May 22, 2006
For the television afficionado, the Upfronts are more than just a sneak peek at the fall schedules for every network — they offer the observant a chance to better understand what the network thinks America wants to watch. What exactly that is? Leave it to SMRT-TV to tell you.Feature
SMRT-TV Goes to the Upfronts!
Michael: I can't recall a time in recent memory when one of the Big Three networks made an upfront presentation that consisted of only four new series and four time slot changes. That's exactly what CBS did on May 17 when it introduced a fall schedule based on consistency and incredible stability, a schedule that virtually guarantees victory.
Tuesday sees the return of thriving military dramas NCIS and The Unit, followed by Smith, the network's latest attempt to attract viewers to a 10pm timeslot that has proven problematic ever since Judging Amy was unceremoniously dumped. Smith stars Ray Liotta as a thief who wants to complete a few more heists before he settles down to spend time with his wife and kids. The slick series, produced by John Wells (ER), appears to be a perfect fit in CBS's "Action Tuesday" lineup; it may be able to build enough initial interest to win the time period over NBC's Law & Order: Special Victims Unit.
From what I've seen, Wednesday drama Jericho is certain to end up on critics' lists as one the fall's best new shows. The series delves into the titular town's reaction to a nearby nuclear explosion that leaves the residents isolated and scared. It's clearly CBS's answer to such high-concept shows as Lost and Invasion, and should be able to translate strong buzz into stronger ratings, though it feels more like a 10pm show than an 8pm one. Criminal Minds and CSI: NY remain in their current time periods and should be able to duplicate their success from this season.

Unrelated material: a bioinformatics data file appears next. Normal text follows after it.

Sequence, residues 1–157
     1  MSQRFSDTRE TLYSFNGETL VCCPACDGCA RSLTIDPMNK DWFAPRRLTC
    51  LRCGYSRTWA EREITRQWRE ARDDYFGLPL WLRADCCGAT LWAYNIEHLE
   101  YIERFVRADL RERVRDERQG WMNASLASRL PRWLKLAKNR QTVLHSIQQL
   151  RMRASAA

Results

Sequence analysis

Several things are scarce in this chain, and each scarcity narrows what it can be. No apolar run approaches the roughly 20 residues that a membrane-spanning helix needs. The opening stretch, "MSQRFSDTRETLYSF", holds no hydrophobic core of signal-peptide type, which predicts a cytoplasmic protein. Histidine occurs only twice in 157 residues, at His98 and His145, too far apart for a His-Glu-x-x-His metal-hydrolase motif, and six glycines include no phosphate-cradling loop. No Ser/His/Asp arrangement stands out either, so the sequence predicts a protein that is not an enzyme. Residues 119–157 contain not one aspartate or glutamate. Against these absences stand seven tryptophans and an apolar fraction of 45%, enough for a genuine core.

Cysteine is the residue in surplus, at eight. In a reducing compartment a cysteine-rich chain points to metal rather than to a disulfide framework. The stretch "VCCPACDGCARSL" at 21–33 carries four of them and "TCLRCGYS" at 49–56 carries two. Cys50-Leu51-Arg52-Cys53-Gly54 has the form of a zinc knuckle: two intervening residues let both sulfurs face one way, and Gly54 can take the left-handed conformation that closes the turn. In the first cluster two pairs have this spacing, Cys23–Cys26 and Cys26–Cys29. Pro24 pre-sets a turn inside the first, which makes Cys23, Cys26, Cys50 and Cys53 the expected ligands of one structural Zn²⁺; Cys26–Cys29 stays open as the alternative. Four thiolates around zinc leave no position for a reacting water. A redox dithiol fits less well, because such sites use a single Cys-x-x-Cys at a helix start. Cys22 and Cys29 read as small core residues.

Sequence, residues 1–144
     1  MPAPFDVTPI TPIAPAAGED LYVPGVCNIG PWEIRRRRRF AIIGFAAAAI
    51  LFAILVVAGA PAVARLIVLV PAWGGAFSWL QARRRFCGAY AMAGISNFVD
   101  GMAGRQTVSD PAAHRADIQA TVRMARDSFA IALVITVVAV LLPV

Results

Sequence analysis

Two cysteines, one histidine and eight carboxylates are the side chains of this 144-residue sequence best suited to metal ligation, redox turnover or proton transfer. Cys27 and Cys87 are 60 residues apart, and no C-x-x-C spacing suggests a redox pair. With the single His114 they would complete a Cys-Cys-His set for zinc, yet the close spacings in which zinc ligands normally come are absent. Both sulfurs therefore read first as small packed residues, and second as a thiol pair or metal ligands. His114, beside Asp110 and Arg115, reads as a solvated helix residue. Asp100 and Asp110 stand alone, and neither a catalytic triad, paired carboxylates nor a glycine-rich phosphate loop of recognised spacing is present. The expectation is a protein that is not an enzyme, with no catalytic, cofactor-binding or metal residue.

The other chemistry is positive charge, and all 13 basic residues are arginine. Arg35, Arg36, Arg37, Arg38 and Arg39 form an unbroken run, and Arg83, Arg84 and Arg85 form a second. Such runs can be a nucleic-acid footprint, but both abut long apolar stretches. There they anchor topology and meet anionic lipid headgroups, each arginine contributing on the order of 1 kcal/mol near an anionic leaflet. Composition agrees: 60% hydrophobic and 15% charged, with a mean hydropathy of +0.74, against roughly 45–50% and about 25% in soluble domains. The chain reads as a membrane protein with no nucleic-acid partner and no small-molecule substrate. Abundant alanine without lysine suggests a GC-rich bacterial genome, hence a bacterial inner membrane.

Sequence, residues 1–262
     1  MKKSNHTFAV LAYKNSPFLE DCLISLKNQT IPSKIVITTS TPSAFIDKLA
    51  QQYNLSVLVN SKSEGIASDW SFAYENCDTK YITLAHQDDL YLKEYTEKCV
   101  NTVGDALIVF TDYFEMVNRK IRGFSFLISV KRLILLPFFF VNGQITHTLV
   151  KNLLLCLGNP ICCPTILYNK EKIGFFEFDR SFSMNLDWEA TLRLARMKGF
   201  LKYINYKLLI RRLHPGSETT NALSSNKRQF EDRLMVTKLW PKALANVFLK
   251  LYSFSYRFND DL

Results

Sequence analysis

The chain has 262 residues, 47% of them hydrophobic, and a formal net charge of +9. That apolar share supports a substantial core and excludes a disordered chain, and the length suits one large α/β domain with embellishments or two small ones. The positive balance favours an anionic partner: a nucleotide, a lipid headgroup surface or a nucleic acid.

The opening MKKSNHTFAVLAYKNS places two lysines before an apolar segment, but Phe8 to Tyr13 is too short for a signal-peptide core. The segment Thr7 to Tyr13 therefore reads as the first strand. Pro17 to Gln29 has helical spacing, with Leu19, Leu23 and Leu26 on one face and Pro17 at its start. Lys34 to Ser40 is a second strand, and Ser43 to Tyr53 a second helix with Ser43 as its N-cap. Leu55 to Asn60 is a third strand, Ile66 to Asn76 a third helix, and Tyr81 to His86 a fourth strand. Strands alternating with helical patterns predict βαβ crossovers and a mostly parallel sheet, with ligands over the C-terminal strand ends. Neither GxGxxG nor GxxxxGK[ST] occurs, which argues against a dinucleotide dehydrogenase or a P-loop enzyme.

Surrounded mostly by sitcom competition on the other networks, Survivor should have no trouble finishing first at 8pm, despite a downtick in ratings for recent editions. CSI, which could be taken down a peg or two by ABC's move of Grey's Anatomy, stays put, giving a boost to new legal drama Shark. James Woods is smug and unlikable (not in a forgivable, Gregory House kind of way) in his role as a fed-up defense attorney who goes to work for the D.A.'s office; his potentially off-putting performance and an overall sense of been-there-seen-that could keep Shark from becoming the hit that CBS needs it to be.
Overall, CBS goes into the fall with a confident advantage over its competitors. Whereas the other networks will have to choose which of their new shows will get the bulk of the promotion, CBS has far fewer new shows to promote, allowing them to devote more time to each and giving all four shows a fair shot at premiering with strong numbers. With no reason to believe that any of their established hits will suddenly face calamitous audience dropoffs, a fifth straight season title seems about as close to a sure thing as you can get in TV.
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